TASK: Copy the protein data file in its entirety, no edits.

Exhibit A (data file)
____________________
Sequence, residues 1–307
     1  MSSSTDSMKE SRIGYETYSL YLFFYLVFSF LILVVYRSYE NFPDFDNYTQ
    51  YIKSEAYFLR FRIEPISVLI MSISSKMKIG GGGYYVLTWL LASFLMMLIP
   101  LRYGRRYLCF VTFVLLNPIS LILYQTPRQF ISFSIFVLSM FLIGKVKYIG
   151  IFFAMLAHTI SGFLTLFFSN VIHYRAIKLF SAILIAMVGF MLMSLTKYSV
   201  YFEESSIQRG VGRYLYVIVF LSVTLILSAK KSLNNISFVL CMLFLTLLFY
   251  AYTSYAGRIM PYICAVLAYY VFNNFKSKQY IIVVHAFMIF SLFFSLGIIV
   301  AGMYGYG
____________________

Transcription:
Sequence, residues 1–307
     1  MSSSTDSMKE SRIGYETYSL YLFFYLVFSF LILVVYRSYE NFPDFDNYTQ
    51  YIKSEAYFLR FRIEPISVLI MSISSKMKIG GGGYYVLTWL LASFLMMLIP
   101  LRYGRRYLCF VTFVLLNPIS LILYQTPRQF ISFSIFVLSM FLIGKVKYIG
   151  IFFAMLAHTI SGFLTLFFSN VIHYRAIKLF SAILIAMVGF MLMSLTKYSV
   201  YFEESSIQRG VGRYLYVIVF LSVTLILSAK KSLNNISFVL CMLFLTLLFY
   251  AYTSYAGRIM PYICAVLAYY VFNNFKSKQY IIVVHAFMIF SLFFSLGIIV
   301  AGMYGYG